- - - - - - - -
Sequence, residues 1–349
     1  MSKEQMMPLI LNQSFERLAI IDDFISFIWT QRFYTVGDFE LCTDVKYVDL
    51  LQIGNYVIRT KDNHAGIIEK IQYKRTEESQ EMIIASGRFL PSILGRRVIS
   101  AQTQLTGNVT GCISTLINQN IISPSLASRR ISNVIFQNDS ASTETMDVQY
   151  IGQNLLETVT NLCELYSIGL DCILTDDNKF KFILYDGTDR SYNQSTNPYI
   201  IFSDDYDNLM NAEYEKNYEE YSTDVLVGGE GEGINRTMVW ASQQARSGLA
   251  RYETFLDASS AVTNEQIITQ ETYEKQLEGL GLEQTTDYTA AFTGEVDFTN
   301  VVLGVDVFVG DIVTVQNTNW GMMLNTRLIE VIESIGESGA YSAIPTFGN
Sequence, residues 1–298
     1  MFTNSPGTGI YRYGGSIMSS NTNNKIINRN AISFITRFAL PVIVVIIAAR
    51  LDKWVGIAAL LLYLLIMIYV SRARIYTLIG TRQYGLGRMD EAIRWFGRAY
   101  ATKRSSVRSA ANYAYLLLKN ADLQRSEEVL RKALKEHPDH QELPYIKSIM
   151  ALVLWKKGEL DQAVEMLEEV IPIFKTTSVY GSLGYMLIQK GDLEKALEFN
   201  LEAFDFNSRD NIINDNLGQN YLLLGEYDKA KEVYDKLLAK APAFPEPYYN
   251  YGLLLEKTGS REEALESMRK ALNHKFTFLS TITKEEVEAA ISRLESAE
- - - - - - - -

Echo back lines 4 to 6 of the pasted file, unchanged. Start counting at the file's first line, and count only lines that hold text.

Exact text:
   101  AQTQLTGNVT GCISTLINQN IISPSLASRR ISNVIFQNDS ASTETMDVQY
   151  IGQNLLETVT NLCELYSIGL DCILTDDNKF KFILYDGTDR SYNQSTNPYI
   201  IFSDDYDNLM NAEYEKNYEE YSTDVLVGGE GEGINRTMVW ASQQARSGLA